Michael Hughes was 22 years old when he had a mystical experience at a Maryland Catholic church. "It was almost as if I had wandered into the magical place," he recalls. "I sat down and felt a really strong sense of sacredness." He said he encountered "Something"—"an intelligence to be sure, but it felt like an intelligence that imbues everything."
That this religious experience was prompted by Hughes's ingesting some psychedelic mushrooms gets to the heart of the issues Barbara Bradley Hagerty discusses in Fingerprints of God: The Search for the Science of Spirituality (Riverhead). Do mystical experiences point to God or to mere brain chemistry?
Hagerty, an award-winning religion correspondent for National Public Radio, wrote the book because she wanted to understand her own spiritual experiences. The ex-Christian Scientist began asking questions like, "Is there a spiritual world every bit as real as the phone ringing in my kitchen?" and, more specifically, "Are spiritual experiences simply electrical storms in the brain, or do they indicate contact with a spiritual world?"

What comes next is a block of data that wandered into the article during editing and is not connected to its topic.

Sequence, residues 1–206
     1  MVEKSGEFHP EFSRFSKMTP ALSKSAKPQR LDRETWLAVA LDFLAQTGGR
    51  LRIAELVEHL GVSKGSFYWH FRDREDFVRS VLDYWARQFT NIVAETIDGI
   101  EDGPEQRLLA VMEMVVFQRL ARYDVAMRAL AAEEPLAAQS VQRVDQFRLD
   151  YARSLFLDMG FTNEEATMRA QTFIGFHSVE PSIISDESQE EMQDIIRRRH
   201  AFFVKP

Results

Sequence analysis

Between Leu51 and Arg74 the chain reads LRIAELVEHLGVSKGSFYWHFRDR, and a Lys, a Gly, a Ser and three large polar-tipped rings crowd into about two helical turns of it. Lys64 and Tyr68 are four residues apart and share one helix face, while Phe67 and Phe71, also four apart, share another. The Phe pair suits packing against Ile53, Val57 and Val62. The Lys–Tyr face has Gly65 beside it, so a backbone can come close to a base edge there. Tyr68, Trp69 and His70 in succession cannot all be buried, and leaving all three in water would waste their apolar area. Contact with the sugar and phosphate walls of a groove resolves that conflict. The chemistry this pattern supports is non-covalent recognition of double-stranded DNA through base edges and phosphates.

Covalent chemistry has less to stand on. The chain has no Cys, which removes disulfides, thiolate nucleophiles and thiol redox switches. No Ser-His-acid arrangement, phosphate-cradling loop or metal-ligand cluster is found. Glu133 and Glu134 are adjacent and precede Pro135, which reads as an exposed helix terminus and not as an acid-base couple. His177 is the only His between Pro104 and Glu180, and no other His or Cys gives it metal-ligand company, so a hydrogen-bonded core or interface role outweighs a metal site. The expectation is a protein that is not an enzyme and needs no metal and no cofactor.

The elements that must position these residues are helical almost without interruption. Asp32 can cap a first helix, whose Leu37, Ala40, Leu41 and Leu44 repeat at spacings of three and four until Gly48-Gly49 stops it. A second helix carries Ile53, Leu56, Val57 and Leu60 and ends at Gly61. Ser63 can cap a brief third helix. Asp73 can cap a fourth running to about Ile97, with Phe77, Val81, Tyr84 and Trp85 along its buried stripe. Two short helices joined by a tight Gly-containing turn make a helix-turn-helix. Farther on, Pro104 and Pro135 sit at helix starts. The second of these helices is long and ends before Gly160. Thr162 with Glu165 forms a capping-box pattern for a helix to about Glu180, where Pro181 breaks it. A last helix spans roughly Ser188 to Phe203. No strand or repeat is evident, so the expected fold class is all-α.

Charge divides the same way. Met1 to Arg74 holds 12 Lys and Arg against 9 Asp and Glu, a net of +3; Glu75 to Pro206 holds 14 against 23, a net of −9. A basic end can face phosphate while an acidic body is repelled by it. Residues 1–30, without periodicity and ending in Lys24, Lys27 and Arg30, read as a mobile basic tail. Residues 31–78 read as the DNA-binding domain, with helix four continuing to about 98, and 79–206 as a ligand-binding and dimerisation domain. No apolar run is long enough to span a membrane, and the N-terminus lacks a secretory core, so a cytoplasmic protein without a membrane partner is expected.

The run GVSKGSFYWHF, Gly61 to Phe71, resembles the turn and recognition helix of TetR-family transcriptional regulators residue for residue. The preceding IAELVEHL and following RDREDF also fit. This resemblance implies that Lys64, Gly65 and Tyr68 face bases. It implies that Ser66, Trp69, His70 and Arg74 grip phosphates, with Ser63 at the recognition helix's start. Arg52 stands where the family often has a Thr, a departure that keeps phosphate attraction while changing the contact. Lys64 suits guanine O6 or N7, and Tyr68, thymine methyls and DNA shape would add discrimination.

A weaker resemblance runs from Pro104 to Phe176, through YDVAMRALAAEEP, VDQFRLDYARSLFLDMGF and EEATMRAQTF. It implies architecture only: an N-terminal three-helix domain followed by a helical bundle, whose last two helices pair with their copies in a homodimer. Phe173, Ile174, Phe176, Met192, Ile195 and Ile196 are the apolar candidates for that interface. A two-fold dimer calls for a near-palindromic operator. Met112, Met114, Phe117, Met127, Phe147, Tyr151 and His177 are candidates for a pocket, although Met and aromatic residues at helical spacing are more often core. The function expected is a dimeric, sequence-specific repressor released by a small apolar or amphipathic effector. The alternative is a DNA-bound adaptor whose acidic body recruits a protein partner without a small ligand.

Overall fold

She pursues this self-admittedly ambitious topic by interviewing mystics famous (like writer Sophy Burnham) and not, and scientists who study genes, the brain, and spiritual experiences. She says she wanted to research this like an investigative reporter who backs up "every line of every story … with hard evidence," but it's clear that her personal passions at times reign supreme.
For example, in trying to discern whether genes play a role in spiritual sensitivity, Hagerty interviews Dean Hamer, author of The God Gene. She notes that many scientists severely criticized Hamer's 2004 book for being "shallow, sensational, and published without ...1